The 18th green at the WGC-Cadillac Championship (Credit: Getty)

Although Doral won’t host a PGA Tour golf tournament in 2017 for the first year since 1961, it still earns its place on the list due to its notoriety and long-time association with the tour.

The Blue Monster course initially hosted the Doral Open from 1962-2006, before hosting the World Golf Championships-Cadillac Championship from 2007-2016. The tournament will be re-branded and moved to Mexico in 2017.

Donald Trump bought the Doral resort in 2012 and it underwent a $250million renovation earlier this year. Whatever your opinion is of the billionaire businessman and presidential candidate, at least he keeps his golf courses open to the public.

However, if you want to play the Blue Monster, it will currently set you back $390 during the day or $235 late afternoon.

4 – Bethpage State Park, Bethpage Black (Farmingdale, N.Y.)


The par-4 18th hole during the third round of the 2016 Barclays (Credit: David Cannon/Getty)

Bethpage Black is one of the best-known public golf courses in the U.S., and recently played host to the 2016 Barclays in August. It is also scheduled to host the 2019 PGA Championship and 2024 Ryder Cup.

Designed by A.W. Tillinghast and opened in 1936, the Black Course is considered one of the hardest in the world – a par 71 playing almost 7,500 yards off the back tees, with a course rating of 78.1 and slope rating of 152.

Green fees are a reasonable $130 weekdays ($78 twilight) and $150 weekends ($90 twilight), with New York State residents able to play for half price. There are also further discounts for seniors.

3 – Torrey Pines, South Course (La Jolla, Calif.)


An aerial view of Torrey Pines (Credit: Donald Miralle/Getty Images)

The South Course at Torrey Pines played host to Tiger Woods last major victory at the U.S. Open in 2008. It has also hosted the Farmers Insurance Open on the PGA Tour yearly since 1968, with the North Course also being used for the event. The U.S. Open will return to Torrey Pines in 2021.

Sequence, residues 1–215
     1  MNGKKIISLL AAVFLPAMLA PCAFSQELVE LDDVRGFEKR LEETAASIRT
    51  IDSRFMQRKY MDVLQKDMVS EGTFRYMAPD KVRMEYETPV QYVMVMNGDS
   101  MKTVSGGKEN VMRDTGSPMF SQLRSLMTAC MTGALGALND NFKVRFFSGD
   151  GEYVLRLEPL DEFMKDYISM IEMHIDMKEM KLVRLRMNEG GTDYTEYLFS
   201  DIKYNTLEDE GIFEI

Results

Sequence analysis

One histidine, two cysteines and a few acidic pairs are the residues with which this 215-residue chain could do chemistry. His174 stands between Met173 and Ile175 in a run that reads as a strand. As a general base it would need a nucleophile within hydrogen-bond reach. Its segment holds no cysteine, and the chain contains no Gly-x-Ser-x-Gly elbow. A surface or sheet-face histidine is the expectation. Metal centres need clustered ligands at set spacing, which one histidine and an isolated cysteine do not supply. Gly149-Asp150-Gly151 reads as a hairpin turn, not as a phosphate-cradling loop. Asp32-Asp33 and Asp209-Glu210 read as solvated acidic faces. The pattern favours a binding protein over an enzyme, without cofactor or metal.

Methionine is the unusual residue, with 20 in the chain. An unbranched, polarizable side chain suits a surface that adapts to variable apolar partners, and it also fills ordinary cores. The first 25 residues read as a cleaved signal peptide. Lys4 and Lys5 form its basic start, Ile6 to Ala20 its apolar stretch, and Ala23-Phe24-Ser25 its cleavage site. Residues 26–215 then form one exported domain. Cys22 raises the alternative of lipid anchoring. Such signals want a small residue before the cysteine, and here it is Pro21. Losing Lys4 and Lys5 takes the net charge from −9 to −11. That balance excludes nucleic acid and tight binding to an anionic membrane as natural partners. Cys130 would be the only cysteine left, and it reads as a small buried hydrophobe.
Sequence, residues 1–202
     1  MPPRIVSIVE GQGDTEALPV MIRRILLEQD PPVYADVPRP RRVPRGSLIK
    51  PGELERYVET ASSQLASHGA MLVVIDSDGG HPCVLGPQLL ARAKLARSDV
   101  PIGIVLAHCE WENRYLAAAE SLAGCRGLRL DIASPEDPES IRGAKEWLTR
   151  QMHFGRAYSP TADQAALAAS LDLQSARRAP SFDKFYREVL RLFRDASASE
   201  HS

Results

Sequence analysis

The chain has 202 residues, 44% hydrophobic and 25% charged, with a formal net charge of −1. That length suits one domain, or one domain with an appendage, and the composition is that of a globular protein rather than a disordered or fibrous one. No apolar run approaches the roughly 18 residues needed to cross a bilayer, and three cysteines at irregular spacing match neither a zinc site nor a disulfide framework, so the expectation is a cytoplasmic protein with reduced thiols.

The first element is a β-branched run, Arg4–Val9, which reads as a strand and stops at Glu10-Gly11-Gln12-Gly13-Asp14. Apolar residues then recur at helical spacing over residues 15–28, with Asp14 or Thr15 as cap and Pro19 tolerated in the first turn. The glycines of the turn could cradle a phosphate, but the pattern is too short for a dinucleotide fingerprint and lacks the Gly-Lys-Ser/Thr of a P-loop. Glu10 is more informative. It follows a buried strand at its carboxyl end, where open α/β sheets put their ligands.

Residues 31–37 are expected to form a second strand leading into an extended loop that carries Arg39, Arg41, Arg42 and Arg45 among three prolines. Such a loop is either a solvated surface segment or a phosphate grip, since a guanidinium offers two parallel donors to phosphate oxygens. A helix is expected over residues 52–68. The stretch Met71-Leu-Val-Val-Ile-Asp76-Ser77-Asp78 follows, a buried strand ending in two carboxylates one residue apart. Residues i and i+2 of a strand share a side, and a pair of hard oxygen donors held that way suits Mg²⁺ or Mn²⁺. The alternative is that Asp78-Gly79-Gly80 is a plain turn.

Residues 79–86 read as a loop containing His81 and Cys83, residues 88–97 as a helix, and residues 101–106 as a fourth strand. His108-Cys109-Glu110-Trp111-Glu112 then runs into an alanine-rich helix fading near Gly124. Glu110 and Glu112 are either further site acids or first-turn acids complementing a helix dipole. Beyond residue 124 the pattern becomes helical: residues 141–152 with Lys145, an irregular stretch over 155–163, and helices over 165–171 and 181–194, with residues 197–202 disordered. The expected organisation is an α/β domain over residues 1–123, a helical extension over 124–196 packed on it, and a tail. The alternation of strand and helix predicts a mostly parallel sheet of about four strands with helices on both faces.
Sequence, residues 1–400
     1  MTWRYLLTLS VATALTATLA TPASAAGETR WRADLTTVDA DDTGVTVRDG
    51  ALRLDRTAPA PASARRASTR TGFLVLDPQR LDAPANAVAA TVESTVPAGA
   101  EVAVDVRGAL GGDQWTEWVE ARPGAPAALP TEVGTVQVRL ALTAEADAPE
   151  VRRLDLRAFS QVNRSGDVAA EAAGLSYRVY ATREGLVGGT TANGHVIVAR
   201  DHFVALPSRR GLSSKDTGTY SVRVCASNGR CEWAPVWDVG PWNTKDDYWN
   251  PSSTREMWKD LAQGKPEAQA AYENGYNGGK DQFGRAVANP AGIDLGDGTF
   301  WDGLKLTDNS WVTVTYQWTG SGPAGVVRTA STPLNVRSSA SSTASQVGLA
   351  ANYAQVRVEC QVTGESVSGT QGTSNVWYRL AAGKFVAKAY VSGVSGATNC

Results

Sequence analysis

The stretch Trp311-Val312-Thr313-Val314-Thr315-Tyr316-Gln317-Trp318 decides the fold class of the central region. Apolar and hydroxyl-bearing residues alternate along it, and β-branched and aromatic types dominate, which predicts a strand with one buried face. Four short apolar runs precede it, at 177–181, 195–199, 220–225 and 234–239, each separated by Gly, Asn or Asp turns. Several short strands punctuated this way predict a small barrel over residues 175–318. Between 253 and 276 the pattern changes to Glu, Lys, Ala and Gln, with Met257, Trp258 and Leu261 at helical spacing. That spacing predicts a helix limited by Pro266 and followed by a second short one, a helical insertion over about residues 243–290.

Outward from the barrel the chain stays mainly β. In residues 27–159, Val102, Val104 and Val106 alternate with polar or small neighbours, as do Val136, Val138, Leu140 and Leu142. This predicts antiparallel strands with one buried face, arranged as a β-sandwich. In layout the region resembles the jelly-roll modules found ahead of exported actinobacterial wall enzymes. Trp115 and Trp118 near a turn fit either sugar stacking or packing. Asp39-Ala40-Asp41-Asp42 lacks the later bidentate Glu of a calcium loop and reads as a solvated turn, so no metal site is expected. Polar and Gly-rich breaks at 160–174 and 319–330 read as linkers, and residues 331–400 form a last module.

Designed by William F. Bell and opened in 1957, it is still one of the longest courses on tour playing over 7,600 yards. Outside of the majors and WGC events in 2016, Brandt Snedeker’s total of 6-under-par was the worst winning score on the PGA Tour.

If you are a San Diego resident, green fees are a mere $61 on weekdays and $76 on weekends, although that price increases typically to $183 weekdays and $229 weekends for non-residents. There is also an advanced booking fee, but discounts on twilight rates and for seniors and juniors.

2 – TPC Sawgrass, Stadium Course (Ponte Vedra Beach, Fla.)


The par-3 17th hole is famous for its island green (Credit: Chris Condon/PGA Tour)

TPC Sawgrass is the home of PGA Tour headquarters, and its Stadium Course has hosted the Players Championship annually since 1982.

With an overall prize fund of $10.5million, $1.89million of that going to the winner, the Players Championship is currently the richest tournament in professional golf. In the last five years, winners have included Jason Day (2016), Rickie Fowler (2015), and Tiger Woods (2013).

The green fees are expensive, as you would expect for such a famous course, with prices varying from $250-$400+. If you are looking for a weekend away, however, you may find better value for money by staying at the resort – where some packages offer golf at the Stadium Course, as well as the Dye Valley.

As is the case with Harbour Town, TPC Sawgrass is currently closed due to damage from Hurricane Matthew and is to reopen on November 15.

1 – Pebble Beach Golf Links (Pebble Beach, Calif.)


The par-3 7th green at Pebble Beach looks out at the Pacific Ocean (Credit: Joann Dost)

It should come as no surprise to any golfer that Pebble Beach Golf Links is number one on this list. The course has hosted five U.S. Opens, a PGA Championship, and 2017 will mark 70 years of hosting the PGA Tour’s AT&T Pebble Beach National Pro-Am.

Pebble Beach is one of a number of courses in the Monterey Peninsula area that include Spyglass Hill, Monterey Peninsula CC and the very exclusive Cypress Point.

The eye-watering green fees of $525 make Pebble Beach one of the most expensive courses in the world to play. Nevertheless, it still ranks at the top of the list for most golfers to play, and honestly who can blame them?